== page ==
How We Work

Personalisation

Each person that comes and spends time with us is funded through their personal budget. This is an amount that is allocated to them by their local authority and is paid to them every four weeks. The figure is based on the outcomes of an assessment carried out by social services. This Self Directed Support Plan looks at all areas of someone’s life and the things they would both like to do, and need to do to improve on their current situation. The person can then buy services that will help them with their outcomes.

We design individual programmes for people who choose to spend their time with us. The outcomes that we work to are the same as those in the Self Directed Support Plan. We deliver small group activities for people that are targeted around individual outcomes. Small group working allows people to do the same activity, but with the flexibility to allow for different outcomes and the added advantage of providing a controlled and safe social situation.

Partnerships

Space Inclusive has the idea that everyone is good at something. This idea helps us inform our working practice and encourages us to identify when someone else, either another provider or agency, is better placed to provide support for an activity.

 

Adult Social Care

The Care Act came into force in April 2015. Norman Lamb, the minister for care and support, has described it as “the most significant reform of care and support in 60 years”.

One of the key points in the act is that it will put “people and their carers in control of their care and support”. There is certainly a lot in the care act and its guidance about choice, involvement, partnership, empowerment and co-production. The Care Act confirms that when considering a person’s wellbeing, councils must begin “with the assumption that the individual is best-placed to judge the individual’s wellbeing”. The guidance for the act explains that “an assessment must be person-centred, involving the individual”.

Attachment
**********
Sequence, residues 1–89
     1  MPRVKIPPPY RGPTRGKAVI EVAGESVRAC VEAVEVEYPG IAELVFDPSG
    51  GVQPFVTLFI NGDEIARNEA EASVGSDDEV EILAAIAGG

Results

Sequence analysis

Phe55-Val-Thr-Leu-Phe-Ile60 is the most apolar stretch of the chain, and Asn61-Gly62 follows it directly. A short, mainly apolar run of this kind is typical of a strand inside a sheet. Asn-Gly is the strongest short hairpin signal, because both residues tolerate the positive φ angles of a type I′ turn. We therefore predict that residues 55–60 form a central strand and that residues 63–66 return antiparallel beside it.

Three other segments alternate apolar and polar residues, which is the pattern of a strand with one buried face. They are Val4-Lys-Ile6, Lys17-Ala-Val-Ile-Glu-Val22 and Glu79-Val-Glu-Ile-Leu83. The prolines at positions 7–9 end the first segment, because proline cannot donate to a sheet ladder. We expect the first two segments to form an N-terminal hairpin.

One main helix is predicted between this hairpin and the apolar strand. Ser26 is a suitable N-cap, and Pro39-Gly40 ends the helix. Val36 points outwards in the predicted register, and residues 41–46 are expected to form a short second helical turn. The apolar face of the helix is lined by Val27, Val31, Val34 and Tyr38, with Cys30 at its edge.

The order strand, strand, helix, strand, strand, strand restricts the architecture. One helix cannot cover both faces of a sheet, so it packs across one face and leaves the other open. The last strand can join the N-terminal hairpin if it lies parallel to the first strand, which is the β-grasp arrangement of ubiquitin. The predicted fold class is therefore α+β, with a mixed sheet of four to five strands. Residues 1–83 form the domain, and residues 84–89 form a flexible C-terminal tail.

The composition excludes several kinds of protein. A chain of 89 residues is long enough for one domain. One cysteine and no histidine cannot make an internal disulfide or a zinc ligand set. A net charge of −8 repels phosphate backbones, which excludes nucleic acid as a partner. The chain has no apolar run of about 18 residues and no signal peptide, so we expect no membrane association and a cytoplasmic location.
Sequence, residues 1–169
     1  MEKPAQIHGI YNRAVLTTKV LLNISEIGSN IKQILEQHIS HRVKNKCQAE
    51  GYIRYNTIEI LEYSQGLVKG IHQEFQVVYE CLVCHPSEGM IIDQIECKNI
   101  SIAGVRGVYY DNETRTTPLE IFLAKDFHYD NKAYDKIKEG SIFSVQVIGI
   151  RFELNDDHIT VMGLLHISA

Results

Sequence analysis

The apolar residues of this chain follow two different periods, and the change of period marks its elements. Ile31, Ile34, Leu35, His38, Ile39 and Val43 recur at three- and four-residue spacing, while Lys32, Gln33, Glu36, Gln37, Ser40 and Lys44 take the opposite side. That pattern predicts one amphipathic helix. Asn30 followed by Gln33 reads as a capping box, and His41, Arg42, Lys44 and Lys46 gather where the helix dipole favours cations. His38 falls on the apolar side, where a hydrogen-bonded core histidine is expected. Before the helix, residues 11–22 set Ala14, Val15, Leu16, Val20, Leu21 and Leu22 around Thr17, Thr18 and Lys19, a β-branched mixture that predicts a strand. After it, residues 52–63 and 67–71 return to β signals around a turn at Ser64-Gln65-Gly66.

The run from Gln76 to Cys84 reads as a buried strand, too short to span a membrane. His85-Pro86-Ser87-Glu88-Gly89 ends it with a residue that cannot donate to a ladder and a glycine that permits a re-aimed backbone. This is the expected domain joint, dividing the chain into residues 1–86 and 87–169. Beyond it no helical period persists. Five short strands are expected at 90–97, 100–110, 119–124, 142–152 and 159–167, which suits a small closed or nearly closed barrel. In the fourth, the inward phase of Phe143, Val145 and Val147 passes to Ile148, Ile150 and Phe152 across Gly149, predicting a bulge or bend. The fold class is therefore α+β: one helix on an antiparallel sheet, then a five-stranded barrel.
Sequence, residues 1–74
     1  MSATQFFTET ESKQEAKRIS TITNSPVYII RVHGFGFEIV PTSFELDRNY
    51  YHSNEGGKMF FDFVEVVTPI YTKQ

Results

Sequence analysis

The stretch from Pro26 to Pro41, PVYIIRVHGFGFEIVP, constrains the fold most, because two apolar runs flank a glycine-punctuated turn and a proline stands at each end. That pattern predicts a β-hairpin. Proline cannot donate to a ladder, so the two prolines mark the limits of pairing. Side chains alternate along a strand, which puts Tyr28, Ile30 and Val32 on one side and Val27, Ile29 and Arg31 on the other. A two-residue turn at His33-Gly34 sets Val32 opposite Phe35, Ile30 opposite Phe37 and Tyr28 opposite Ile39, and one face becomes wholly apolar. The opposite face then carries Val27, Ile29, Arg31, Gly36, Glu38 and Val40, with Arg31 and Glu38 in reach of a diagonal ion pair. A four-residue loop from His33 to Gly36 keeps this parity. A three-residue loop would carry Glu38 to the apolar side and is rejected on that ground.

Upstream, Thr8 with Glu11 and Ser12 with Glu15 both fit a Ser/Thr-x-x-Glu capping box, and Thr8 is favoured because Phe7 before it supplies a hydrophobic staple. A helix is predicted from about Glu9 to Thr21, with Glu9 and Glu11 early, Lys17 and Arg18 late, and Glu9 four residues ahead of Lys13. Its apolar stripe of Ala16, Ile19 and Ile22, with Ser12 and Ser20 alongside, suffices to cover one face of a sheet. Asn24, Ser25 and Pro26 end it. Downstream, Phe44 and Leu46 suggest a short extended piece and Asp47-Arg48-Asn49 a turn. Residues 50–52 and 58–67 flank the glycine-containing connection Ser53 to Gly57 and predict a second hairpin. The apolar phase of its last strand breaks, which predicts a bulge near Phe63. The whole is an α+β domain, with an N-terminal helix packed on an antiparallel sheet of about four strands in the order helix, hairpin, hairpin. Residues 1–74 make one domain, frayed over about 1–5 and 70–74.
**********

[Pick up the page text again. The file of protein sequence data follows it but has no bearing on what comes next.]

This is directly in line with the way we think here at Space Inclusive. Putting individuals with support needs at the centre of what we do is integral to how we work. However, it is important to recognise the limitations that local authorities are working with. Local authority funding has been decreasing year on year, and it seems clear that this will continue. For more information on the Care Act, visit

Find out what this means if you live in Nottingham City
Or if you live in the County of Nottinghamshire

Philosophy

Space Inclusive was born out of an idea we both had whilst working together in a Special School in Nottinghamshire. We wanted to use our creativity to open new avenues and opportunities for young adults with special needs.

We were often frustrated with the lack of places that fitted our students adequately after leaving school and felt that we could open a centre that both welcomed and accommodated young adults needs in making their next step.

We are extremely proud of what we have achieved in the short time that we have been open and are pleased to be making a difference in moving people onwards and upwards to achieve their own goals. We are passionate about the role that Space Inclusive can play in the future of adults with learning disabilities in the East Midlands and will continue to strive for excellence in all that we do.

Our Partners

Apex Martial Arts

Mapperly Park Tennis Club

Nottinghamshire Cricket Club

Nottingham City Council Sports and Leisure Services

Rumbletums Café, Kimberly

River Maun Leisure Centre Mansfield

Gym for Less, Nottingham

Bulwell Community Gardens

St Ann’s Allotments

Framework – The Workshop

Nottingham University Hospitals

The Prince’s Trust

The Vox Centre, Stapleford

Mapperley Park Residents Association

Broadview Riding Stables

The Cookery/Textiles Workshop

Age UK

Sixths